ROGERSVILLE — It may take a little longer than originally anticipated to get Northeast Tennessee’s biggest factory-ready piece of vacant property on the market due to potential issues with wetlands and sorting through a 40-year-old archeological study.
For the past year, the Hawkins County Industrial Development Board has been working toward getting a 100-acre area at the Phipps Bend Industrial Park ready to start marketing for new industrial development.
The latest hurdle was the completion of a due diligence study on that tract by the engineering firm of Mattern and Craig.
The purpose of the study is to identify potential hindrances to development such as archaeological discoveries, endangered species, or environmental issues. That study must be completed before the IDB can apply for grants to complete needed site preparation work.
IDB Chairman Larry Elkins told the board Thursday that one issue identified by Mattern and Craig was that some areas of that 100 acres may be potential Native American archaeological sites that would be protected.
An archeological study was completed on the entire Phipps Bend area in the 1970s in preparation for the nuclear power plant project which was started there and then canceled.
Elkins noted that the TVA has made its 1970s archeological study available for review, but it will take about 45 days to sort through that paperwork.
“There’s a mountain of information,” Elkins told the IDB. “If you can image, when TVA was going to build a nuclear plant there at Phipps Bend, they did extensive research, archeological and otherwise. All that data is out there. It’s just a matter of putting it together, analyzing it, and going through it.”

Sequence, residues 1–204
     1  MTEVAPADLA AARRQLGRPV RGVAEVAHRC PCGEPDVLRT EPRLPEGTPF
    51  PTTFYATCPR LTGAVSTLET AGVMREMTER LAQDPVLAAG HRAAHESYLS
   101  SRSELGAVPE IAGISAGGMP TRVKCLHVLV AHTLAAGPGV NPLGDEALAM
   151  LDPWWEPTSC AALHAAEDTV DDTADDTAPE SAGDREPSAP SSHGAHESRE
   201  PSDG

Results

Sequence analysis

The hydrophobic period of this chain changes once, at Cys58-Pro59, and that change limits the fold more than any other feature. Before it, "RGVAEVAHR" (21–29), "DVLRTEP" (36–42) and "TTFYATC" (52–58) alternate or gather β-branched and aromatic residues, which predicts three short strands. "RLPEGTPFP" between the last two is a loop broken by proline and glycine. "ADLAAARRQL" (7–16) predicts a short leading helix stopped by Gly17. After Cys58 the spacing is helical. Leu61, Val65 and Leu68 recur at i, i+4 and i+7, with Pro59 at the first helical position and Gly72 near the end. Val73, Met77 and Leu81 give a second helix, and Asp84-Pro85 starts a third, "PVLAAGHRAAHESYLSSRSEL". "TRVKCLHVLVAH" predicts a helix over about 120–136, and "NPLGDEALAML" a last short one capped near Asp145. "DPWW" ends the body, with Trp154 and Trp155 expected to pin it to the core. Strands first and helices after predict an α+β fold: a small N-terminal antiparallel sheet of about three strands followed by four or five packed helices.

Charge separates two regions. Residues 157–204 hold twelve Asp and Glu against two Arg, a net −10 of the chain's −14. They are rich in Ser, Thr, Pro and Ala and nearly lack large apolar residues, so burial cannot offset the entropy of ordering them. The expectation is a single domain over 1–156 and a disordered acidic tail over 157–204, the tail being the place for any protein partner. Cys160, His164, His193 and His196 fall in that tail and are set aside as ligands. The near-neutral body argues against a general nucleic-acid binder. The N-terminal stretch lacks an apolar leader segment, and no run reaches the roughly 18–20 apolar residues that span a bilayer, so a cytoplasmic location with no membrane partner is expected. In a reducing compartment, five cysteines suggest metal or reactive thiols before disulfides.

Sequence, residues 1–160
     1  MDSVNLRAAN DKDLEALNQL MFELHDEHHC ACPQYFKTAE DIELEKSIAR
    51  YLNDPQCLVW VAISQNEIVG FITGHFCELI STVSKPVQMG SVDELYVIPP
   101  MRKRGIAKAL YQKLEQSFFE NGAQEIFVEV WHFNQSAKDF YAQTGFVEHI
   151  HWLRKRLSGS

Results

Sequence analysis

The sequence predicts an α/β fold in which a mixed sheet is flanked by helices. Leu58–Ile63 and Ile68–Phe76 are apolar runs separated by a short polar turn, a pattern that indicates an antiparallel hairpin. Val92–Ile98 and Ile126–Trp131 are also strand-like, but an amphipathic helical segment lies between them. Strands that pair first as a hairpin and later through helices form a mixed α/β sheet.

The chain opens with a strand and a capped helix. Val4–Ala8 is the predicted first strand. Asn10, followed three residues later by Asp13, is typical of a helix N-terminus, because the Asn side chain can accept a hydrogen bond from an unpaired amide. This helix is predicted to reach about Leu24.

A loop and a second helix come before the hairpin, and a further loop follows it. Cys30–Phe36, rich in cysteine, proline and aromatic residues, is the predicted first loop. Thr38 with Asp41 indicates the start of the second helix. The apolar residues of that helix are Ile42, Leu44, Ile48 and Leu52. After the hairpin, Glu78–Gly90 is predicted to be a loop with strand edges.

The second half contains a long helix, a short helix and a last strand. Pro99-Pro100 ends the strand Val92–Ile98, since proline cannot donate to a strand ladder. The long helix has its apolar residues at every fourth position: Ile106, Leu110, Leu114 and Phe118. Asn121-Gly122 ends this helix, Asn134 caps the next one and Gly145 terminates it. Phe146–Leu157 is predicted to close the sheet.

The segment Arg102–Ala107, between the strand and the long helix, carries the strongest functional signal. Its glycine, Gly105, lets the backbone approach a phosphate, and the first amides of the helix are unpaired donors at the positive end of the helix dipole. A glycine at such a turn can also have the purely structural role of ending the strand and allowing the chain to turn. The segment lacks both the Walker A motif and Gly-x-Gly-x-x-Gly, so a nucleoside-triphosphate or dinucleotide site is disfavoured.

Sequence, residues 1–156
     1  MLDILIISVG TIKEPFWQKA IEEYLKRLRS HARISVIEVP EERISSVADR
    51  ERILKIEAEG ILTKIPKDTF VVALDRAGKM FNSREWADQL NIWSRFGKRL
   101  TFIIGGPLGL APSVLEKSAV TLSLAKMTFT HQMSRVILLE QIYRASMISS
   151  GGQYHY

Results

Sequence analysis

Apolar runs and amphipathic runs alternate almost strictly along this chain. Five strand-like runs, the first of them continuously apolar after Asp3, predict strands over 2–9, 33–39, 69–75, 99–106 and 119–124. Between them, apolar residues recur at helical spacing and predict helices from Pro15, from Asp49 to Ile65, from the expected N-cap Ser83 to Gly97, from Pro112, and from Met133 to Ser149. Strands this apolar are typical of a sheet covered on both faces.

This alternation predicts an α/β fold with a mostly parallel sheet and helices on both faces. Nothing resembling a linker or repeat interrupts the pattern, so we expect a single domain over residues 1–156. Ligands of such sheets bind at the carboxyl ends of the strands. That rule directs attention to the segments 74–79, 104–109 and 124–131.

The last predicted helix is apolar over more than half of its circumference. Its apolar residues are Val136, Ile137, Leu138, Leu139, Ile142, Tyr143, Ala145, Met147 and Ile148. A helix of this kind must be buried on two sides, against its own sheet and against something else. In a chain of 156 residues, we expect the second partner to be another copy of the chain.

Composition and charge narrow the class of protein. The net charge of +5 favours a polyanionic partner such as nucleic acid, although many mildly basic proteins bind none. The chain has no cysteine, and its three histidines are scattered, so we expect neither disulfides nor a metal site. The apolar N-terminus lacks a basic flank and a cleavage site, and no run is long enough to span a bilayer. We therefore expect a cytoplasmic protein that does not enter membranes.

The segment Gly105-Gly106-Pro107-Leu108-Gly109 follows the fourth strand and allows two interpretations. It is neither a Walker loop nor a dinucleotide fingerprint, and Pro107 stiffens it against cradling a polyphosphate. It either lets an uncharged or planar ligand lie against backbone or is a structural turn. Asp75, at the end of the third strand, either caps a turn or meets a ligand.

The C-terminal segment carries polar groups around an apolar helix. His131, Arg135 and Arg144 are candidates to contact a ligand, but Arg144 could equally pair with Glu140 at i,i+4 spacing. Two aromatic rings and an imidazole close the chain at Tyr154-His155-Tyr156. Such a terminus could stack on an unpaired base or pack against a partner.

Last week the Phipps Bend Joint Venture Committee authorized $3,500 to pay for a group to sift through the TVA data, determine what pertains to this 100 acres, and compile that into a specific archeological study for that section.
A second issue identified in the study is potential wetlands that were discovered in a trench that is slated to be filled in.
When the nuclear plant was being constructed, a trench was dug to allow water from the reactor to be drained into a storage pond in case of emergency.
In order to make the 100 acres completely usable for industrial construction, that tench needs to be eliminated, but after sitting there for 40 years it has become swampy in some areas.
“If you have designated wetlands, that’s a real issue,” Elkins said. “From our understanding, the Corps of Engineers have determined there are some wetlands.”
Elkins noted that some of the wetlands are in the perimeter areas of the 100 acres, and they may be able to deal with them by redrawing the property boundaries.
However, some of them are in the trench.
“Some of that area, because of the natural drainage, we’ve got some cattails,” Elkins said. “Those areas will probably have to be mitigated, which means you designate another area (for wetlands), and you offset that wetlands (to be eliminated) with wetlands you’ve produced.”
The due diligence report also addresses what work is needed at the site to make it ready to market.
For example, there’s a sewer line that runs underground through the middle of the property that needs to be relocated to the road. The study estimates the cost of relocating that sewer line at $748,000.
The study also identified four different avenues to run rail into that property from Norfolk Southern, if the future developer needs rail service.
The study also provided an estimated cost of almost $1 million to remove the old cooling tower structure, which is adjacent to the 100-acre lot and would increase the available land by 40 acres.
Elkins told the Times News that the plan at this time is to begin marketing the property as soon as possible, and then seek grant funding for site preparation work after a potential buyer is identified.